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Port Authority bombing suspect family face backlash after the torment authorities

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Port Authority bomber: Who is Akayed Ullah?

Akayed Ullah reportedly detonated a pipe bomb under New York City’s port authority. Here is what we know about the suspected terrorist.

Family members of the failed New York City terror bomber were blasted on social media Tuesday after they accused police of heavy-handed tactics — a charge that came a few hours after their son tried to massacre civilians in a crowded subway passage.

The family of Akayed Ullah, a Bangladeshi man accused of detonating a pipe bomb filled with screws in the vicinity of Port Authority Monday during the morning rush hour, a report released by the Council on American-Islamic Relations in New York say that they are “devastated” by the violence. But the statement then grew the officials of the law enforcement for “questioning” family members after the terrorist attack.

“We are heartbroken by the violence that was directed at our city today, and the allegations are made against a member of our family,” the family statement released by the AIR legal director Albert Fox Cahn said.

Akayed Ullah held a TLC For Hire Vehicle driver’s licence from March 2012 to March 2015.

(NYC Taxi and Limousine Commission via AP)

It added: “But we are also deeply shocked by the behaviour of law enforcement officials that children as small as four years in the cold, and that kept a teenager from the high school classes to interrogate him without a lawyer, without his parents.”

The family said they have “every confidence in” the AMERICAN legal system “find out the truth behind this attack.”

Akayed Ullah is suspected of strapping a pipe bomb on his body and it in a subway passage. (New York DMV via AP)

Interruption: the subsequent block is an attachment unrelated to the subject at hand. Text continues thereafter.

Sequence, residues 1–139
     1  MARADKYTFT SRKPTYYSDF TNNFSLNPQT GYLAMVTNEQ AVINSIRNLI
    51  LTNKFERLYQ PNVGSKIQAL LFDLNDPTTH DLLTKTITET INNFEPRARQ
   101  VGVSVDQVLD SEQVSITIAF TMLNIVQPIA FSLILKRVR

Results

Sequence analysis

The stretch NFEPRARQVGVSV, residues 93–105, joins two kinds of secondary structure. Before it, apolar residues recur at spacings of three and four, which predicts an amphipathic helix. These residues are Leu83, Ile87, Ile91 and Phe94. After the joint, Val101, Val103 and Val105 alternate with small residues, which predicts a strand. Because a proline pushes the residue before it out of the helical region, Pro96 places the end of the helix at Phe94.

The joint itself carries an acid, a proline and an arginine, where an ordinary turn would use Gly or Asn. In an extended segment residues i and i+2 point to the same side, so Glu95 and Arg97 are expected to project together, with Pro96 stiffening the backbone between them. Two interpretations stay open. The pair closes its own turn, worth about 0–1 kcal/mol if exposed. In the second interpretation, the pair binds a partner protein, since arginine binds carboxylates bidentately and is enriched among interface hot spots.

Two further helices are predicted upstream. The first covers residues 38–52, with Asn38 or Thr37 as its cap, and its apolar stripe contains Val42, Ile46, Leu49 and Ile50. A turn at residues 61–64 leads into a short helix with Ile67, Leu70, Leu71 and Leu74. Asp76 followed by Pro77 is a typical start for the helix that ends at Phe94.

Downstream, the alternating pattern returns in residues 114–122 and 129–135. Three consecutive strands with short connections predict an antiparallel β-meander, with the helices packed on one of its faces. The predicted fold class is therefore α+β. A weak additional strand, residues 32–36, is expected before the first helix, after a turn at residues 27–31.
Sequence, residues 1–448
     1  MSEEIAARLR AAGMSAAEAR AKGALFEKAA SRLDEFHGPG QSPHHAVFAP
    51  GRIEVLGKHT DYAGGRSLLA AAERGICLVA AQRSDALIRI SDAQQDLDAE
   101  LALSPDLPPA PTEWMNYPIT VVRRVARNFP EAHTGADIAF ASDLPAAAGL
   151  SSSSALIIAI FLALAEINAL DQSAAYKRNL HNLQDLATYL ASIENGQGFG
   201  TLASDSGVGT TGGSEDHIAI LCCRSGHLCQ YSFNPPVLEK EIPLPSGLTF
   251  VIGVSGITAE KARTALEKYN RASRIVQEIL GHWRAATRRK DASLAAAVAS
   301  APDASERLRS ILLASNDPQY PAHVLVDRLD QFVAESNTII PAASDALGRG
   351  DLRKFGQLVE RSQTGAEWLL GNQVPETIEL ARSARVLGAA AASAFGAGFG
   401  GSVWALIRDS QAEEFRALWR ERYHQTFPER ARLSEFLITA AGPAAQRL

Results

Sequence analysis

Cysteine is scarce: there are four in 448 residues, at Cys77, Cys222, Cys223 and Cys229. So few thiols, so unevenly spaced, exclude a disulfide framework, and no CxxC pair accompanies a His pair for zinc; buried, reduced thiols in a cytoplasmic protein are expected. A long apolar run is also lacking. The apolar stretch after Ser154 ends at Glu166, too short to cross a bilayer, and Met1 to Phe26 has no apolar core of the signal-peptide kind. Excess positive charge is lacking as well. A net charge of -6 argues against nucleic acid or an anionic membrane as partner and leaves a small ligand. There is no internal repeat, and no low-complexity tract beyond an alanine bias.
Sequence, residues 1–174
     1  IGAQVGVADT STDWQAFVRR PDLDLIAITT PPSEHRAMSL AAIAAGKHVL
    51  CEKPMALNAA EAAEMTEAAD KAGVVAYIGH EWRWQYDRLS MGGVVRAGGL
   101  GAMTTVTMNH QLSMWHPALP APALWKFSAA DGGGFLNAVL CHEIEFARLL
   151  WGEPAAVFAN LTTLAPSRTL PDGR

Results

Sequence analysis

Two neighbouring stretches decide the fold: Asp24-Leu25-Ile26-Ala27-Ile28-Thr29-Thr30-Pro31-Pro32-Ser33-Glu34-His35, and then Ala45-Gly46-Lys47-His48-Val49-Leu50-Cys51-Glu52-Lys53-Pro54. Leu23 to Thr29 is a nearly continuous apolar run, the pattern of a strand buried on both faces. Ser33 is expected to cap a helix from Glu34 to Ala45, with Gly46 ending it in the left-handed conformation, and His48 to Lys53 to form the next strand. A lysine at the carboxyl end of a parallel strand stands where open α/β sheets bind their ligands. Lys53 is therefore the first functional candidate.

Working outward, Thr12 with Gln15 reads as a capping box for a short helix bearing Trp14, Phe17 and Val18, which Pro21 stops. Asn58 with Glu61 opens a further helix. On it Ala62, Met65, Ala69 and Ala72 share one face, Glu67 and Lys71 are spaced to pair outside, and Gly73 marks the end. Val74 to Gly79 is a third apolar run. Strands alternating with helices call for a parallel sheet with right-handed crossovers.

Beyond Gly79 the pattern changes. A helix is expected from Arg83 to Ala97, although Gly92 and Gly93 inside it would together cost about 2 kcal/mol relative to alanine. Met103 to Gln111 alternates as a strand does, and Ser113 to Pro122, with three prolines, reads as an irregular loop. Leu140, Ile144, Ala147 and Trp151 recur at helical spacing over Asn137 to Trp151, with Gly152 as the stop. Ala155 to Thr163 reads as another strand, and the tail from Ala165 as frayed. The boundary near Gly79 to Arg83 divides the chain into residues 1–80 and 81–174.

THE PORT AUTHORITY IS A BOMBARDMENT OF THE SUSPECT WROTE ON FACEBOOK: ‘TRUMP YOU FAILED TO PROTECT THE NATION

The statement prompted almost instantaneous outrage on social media, with several users say that the show was “offensive” in the middle of an attempt at a terrorist attack that would have killed dozens of people when the bomb detonated, as planned.

“Sorry, our son tried to blow up a lot of you are on your way to work today, but the police were quite rude to us and we want answers,” ex-CIA analyst and radio host Buck Sexton tweeted, mocking a list of the family and loss account.

“Sorry, our son tried to blow up a lot of you are on your way to work today, but the police were quite rude to us and we want answers” https://t.co/2nEN4czLx9

— Buck Sexton (@BuckSexton) 12 December 2017

Talk show host Montel Williams tweeted: “This is moronic, insulting, morally indefensible statement by the AIR lawyer @CahnLawNY cost only @CAIRNational my support. I’m done with it.”

This moronic, abusive, morally indefensible statement by the AIR lawyer @CahnLawNY cost only @CAIRNational my support. I’m done with it. pic.twitter.com/zhMs6sSRyH

— Montel Williams (@Montel_Williams) December 12, 2017

“I don’t understand this niet…de man tried to kill innocent people without taking into account and the family is now angry at some inconvenience?? She would have felt bad if there is “clunky” funerals! #the u.s. this madness to stop,” Twitter user @RealityBeaker wrote.